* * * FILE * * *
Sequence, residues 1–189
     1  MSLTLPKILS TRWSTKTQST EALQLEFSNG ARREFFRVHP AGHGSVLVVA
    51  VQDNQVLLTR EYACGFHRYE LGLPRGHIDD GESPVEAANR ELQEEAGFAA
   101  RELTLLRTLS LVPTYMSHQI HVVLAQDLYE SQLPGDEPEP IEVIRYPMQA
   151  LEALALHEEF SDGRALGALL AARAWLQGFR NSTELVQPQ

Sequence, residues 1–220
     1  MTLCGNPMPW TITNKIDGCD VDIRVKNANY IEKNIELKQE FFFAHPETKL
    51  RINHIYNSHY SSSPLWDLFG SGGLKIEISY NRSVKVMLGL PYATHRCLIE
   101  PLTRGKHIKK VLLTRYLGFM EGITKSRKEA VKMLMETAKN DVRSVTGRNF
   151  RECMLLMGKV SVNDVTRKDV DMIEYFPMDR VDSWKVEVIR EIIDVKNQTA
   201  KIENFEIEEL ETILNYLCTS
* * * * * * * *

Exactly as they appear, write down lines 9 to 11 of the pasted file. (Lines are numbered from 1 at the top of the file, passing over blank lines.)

   101  PLTRGKHIKK VLLTRYLGFM EGITKSRKEA VKMLMETAKN DVRSVTGRNF
   151  RECMLLMGKV SVNDVTRKDV DMIEYFPMDR VDSWKVEVIR EIIDVKNQTA
   201  KIENFEIEEL ETILNYLCTS